I gather that some fat bloke who always refers to himself in the third person has suggested that Gordon Brown might be “bonkers.” Right-thinking people have condemned this. My complaint is different. It’s that, to paraphrase Niels Bohr, Brown is not “bonkers” enough.
Take first the jibe that Brown is “faintly autistic”. The National Autism Society says that one symptom of Aspergers is a love of routine. But this is just what politics should be: the routine application of simple rules of law, and the routine delivery of public services. As Alfred North Whitehead said, “Civilization advances by extending the number of important operations which we can perform without thinking about them" - that is, by the application of routines. By contrast, one complaint I have about Brown is that he is insufficiently concerned with routine, but flits from headline to headline and from one ad hoc intervention to another.
Also, there’s some evidence that people who are slightly depressed have better cognitive functioning than what are absurdly called “normal” people. In particular, they are less prone to the illusion of control and to the optimism bias. And extremely depressed people are too (pdf) pessimistic (pdf).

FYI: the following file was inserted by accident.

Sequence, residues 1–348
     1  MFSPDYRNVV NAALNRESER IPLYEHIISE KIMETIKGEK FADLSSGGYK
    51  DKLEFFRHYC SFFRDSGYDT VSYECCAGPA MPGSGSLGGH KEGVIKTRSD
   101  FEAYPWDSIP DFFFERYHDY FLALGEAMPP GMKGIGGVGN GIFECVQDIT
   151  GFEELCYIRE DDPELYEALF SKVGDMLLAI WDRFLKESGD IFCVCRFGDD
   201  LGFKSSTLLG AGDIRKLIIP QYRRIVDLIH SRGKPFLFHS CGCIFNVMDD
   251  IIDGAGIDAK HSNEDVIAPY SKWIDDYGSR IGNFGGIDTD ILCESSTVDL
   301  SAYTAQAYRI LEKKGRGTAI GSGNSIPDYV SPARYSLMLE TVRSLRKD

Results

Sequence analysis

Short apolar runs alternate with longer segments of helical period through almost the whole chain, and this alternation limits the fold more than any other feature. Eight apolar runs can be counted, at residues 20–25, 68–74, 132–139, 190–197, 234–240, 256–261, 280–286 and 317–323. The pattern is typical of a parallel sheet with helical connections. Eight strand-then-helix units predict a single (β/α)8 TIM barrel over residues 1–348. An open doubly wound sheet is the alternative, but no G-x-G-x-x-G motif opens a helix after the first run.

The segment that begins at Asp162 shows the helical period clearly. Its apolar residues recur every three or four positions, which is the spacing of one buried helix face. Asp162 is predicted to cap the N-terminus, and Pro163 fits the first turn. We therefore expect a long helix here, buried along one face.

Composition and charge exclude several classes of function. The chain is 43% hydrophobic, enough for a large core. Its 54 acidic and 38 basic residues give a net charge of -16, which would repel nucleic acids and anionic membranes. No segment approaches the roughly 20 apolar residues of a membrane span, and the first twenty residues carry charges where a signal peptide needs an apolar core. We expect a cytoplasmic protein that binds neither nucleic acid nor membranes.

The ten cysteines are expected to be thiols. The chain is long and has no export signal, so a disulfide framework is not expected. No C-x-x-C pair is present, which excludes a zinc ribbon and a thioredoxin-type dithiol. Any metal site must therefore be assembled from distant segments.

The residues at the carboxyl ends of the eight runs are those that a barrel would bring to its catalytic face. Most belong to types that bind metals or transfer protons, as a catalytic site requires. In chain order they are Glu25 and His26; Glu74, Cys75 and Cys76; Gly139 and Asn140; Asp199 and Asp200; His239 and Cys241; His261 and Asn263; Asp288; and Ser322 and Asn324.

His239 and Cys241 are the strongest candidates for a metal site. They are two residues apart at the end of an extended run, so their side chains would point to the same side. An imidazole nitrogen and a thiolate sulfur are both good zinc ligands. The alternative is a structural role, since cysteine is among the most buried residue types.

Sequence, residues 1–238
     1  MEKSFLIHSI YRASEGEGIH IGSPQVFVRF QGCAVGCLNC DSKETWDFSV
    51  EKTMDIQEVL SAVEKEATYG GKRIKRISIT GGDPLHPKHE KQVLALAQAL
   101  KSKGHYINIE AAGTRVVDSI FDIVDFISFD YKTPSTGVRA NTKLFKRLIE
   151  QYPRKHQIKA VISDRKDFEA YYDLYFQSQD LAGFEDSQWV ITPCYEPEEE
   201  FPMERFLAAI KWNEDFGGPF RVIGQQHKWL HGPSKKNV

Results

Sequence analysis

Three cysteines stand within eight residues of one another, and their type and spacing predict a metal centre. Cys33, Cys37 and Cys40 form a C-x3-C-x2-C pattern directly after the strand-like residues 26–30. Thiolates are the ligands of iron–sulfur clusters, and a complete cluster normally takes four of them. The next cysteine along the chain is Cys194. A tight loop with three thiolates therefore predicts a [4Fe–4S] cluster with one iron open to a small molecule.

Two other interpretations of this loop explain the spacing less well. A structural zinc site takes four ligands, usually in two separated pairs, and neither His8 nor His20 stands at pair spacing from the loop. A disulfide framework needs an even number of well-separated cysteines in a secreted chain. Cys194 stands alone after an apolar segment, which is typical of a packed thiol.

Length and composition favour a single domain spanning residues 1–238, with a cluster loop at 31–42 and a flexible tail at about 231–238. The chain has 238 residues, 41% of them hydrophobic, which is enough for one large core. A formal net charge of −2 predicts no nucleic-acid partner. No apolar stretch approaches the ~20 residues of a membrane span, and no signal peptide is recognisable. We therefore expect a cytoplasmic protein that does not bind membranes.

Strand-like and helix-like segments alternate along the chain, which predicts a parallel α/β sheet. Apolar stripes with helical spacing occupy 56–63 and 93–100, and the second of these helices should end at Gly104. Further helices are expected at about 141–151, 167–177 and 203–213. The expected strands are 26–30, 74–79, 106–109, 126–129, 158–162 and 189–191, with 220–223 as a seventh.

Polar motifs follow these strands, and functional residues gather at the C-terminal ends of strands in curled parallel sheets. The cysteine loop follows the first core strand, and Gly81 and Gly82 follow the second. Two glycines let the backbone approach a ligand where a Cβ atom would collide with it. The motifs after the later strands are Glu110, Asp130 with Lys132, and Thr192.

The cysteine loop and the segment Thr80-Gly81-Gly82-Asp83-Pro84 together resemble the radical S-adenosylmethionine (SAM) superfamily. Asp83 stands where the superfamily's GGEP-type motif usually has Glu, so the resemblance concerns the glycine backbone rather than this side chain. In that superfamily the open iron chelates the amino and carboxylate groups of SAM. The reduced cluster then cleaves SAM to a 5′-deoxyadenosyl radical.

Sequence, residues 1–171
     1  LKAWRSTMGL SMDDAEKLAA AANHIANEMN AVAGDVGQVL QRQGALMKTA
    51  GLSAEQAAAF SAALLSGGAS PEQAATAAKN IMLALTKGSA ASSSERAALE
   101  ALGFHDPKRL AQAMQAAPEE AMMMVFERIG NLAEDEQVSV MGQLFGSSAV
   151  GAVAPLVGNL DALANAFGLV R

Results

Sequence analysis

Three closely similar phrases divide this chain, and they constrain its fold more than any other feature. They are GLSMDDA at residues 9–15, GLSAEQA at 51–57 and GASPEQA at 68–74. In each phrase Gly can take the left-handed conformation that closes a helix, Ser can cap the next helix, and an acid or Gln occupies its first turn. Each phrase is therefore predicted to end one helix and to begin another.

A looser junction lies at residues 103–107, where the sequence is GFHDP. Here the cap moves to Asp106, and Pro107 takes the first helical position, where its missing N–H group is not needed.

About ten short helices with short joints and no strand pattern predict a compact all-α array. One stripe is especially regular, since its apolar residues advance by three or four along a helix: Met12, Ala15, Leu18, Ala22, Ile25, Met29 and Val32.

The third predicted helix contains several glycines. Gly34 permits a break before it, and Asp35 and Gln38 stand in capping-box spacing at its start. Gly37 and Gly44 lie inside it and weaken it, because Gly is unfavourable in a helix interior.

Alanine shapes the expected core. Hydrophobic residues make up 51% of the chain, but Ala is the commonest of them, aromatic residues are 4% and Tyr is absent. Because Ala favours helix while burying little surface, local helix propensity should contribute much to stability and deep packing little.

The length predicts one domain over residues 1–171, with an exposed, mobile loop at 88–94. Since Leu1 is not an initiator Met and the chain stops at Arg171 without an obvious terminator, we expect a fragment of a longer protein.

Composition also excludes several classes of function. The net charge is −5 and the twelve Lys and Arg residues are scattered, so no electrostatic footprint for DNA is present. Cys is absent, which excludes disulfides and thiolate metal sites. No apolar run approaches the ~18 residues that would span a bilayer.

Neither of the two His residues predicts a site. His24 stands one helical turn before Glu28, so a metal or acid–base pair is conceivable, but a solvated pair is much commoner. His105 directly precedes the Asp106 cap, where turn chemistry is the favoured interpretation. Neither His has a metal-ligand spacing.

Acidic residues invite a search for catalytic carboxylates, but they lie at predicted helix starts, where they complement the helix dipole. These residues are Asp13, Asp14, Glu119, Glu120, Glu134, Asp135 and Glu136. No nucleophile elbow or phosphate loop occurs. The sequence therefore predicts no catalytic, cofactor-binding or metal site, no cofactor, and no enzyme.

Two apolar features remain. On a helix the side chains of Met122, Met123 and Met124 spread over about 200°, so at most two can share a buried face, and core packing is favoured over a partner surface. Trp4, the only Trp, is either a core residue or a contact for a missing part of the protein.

And these are good things in politicians. A policy-maker who recognized that he couldn’t always (or often) be on top of events, and who knew that grand projects often end in failure would favour much more limited government than we have. Regrettably, however, Brown does not display these useful symptoms of depression.
So, perhaps, everyone - except Tom in this superb post - has got it wrong. The problem isn’t that Brown is bonkers. It’s that our political system not only expects its politicians to be always in control, but thinks it normal when they appear to be. If we define mental illness in Szaszian terms - as merely a deviation from the consensus - then there should be a little more of it.